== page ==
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A Gap in Logic

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On Thursday, December 1, the SOX concluded its test of the descending trendline off the summer high. At the open, it gapped higher, posting a strong gain that continued that day and the next. The gains punched the SOX past 500, a psychological barrier, moving it into a support/resistance band spanning from about 493-520.

With investors spurred into buying by a positive result in the October semiconductor sales figure and looking forward to a positive update by Intel, an outlook that was to reverse before the Intel report ever appeared, the SOX looked poised to make further gains.

There was a gap in that logic, however: specifically, the gap that occurred Thursday morning. That was at least the third gap in the SOX's rally off the October low.

Annotated Daily Chart of the SOX, as of 12/02:

Gaps come in three types: breakaway, measuring or continuation, and exhaustion. Breakaway gaps occur when prices gap out of a consolidation pattern. Breakaway gaps occur because accumulation or distribution has been occurring during the consolidation, and demand or supply has overwhelmed bears or bulls. Price gaps up or down, depending on whether a rally or a decline is beginning. Prices often do not retest these gaps. Prices never retreated into the breakaway gap marked by the numeral "1" on the SOX's chart, for example.

Measuring gaps tend to occur about halfway through a movement, although they are not required to be at the exact middle of a move. Although they often occur after another consolidation, they sometimes appear in the course of a straight-line rally or decline, and so are sometimes also called runaway gaps. These sometimes are retested, but if that retest doesn't occur during the next day or two after the gap forms, they often will not be reversed until the rally or decline has ended. Prices did not move back into the gap marked with the numeral "2," either.

Annotated Daily Chart of the SOX as of December 2:

Once a movement has racked up a breakaway and a measuring gap, as the SOX did in its rally off the October low, the possibility rises that the next gap could be an exhaustion gap, the last in the series before a reversal or consolidation period, the "last gasp" of the bulls, as technician John J. Murphy calls it. It need not be a sign of a major reversal, but it does signal to bullish investors that protective measures should be in place. Highly leveraged investors might want to lower their exposure by taking partial profits. This advice was provided to Market Monitor subscribers beginning Thursday, December 1.

Although charting services usually do not provide accurate volume figures for the SOX, volume considerations can help judge whether an exhaustion gap is occurring in equities. A small-range move on large volume suggests that the gap may be an exhaustion gap. Even without the volume figures, it's clear that the SOX's gap on Thursday, December 1 did not fit that parameter, however, because the SOX's price range for the day was large. Still, this gap occurred just where an exhaustion gap might have been expected and so should have been suspect.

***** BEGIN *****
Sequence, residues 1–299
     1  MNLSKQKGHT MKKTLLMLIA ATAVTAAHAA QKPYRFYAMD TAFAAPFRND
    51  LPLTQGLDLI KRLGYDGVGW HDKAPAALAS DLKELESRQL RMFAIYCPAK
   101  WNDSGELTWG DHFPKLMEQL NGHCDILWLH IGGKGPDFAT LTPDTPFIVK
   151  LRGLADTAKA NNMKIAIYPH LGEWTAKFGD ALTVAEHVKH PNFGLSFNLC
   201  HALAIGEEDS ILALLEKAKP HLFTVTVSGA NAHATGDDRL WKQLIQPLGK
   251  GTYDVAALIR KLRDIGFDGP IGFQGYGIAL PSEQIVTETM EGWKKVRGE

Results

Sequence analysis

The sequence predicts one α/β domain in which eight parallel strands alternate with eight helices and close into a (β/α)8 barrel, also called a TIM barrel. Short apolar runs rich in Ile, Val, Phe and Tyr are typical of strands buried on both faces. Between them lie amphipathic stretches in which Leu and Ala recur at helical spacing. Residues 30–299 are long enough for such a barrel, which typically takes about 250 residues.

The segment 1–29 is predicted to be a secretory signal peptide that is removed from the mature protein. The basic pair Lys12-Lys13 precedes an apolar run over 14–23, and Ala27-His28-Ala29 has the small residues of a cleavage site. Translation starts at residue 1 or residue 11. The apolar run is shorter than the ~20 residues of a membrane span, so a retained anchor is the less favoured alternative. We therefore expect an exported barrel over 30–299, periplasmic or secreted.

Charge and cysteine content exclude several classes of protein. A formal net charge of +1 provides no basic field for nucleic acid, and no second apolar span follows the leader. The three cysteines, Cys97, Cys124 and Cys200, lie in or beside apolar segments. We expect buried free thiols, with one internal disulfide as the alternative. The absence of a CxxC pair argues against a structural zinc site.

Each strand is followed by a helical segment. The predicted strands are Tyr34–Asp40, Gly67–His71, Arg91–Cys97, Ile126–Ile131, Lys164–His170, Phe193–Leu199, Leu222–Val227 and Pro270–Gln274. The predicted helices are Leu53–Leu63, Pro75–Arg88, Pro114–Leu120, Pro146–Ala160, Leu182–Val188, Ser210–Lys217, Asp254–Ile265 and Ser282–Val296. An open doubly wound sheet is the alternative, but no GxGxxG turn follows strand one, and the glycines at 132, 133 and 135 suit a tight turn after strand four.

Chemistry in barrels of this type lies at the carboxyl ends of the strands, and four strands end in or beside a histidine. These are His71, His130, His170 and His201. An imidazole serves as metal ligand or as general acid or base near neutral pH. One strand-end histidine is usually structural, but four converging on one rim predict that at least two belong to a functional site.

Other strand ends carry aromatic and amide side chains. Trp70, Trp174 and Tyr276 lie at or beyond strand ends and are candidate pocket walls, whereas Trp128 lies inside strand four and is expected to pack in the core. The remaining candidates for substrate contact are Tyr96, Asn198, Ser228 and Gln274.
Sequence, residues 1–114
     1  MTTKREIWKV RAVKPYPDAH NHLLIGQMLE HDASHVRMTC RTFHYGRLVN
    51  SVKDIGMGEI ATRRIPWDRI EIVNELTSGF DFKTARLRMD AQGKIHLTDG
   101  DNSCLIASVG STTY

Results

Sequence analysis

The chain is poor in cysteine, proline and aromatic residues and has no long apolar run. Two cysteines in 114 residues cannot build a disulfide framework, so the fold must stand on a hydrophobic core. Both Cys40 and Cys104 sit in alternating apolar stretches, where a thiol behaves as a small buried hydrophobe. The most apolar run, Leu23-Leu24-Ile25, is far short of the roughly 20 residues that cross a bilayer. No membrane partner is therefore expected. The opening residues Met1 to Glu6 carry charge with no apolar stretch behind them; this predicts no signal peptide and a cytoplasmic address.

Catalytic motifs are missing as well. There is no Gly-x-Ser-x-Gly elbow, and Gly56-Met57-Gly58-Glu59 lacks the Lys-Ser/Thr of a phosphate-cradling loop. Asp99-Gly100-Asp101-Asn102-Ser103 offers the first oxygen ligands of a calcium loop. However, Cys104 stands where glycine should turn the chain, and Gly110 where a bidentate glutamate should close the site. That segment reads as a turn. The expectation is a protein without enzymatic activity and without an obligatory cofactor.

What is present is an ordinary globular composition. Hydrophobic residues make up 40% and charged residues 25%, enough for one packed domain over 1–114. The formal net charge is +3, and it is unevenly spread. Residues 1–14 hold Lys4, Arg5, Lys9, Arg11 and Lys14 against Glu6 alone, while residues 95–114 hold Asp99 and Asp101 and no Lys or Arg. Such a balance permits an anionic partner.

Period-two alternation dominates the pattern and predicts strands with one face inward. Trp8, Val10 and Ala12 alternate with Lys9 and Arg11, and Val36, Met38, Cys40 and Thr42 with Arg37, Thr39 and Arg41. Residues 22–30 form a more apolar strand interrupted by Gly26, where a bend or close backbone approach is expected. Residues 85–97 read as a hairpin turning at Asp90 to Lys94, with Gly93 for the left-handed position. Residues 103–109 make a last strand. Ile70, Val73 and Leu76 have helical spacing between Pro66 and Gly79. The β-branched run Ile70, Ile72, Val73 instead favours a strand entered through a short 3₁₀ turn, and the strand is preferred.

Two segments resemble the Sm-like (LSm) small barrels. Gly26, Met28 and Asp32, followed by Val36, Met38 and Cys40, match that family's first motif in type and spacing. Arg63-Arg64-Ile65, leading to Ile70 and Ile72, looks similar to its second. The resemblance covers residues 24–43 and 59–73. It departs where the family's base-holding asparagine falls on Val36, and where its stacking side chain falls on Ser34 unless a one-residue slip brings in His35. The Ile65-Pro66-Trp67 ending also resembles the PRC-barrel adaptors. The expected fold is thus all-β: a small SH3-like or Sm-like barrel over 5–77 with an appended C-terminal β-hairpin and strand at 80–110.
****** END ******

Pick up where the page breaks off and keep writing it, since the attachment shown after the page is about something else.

Just as a rapidly moving car will not come to an immediate stop as soon as the driver stops pressing the accelerator, prices can move beyond an exhaustion gap. Confirmation of an exhaustion gap occurs when prices close back below the gap.

The presence of a potential exhaustion gap gained special relevance with Texas Instruments and Intel mid-quarter updates scheduled for the week after the gap appeared, and with the SOX having attempted a breakout of a long-term rising regression channel in which it had been traveling off the 2004 low. Depending on how that channel was drawn, the SOX had either ended the week on December 2 at the resistance of that rising regression channel or just above it.

Annotated Weekly Chart for the SOX as of December 2:

The opportunity for a pullback to retest the descending red trendline existed.

The third and probable exhaustion gap provided an alert that the SOX might be topping. A fitted Fib bracket and the resistance at the top of a long-term rising regression channel corroborated that evidence. The next week, the one just concluded, was to produce further corroboration that the gap might have been an exhaustion gap.

Annotated Daily Chart of the SOX:

With the likelihood increasing that the gap might have been an exhaustion gap, those long the SOX or semi-related stocks have further warning to protect profits. The spring up from gap support and follow through on Friday, December 9 clouded the ultimate picture, perhaps leaning toward a possibility for sideways consolidation rather than a deeper drop, but another chart presents evidence that might be watched closely.

Annotated 60-Minute Chart of the SOX:

The next time a gap occurs and some call it bullish or bearish, check for other gaps. If more than two exist, there may be a gap in that logic.

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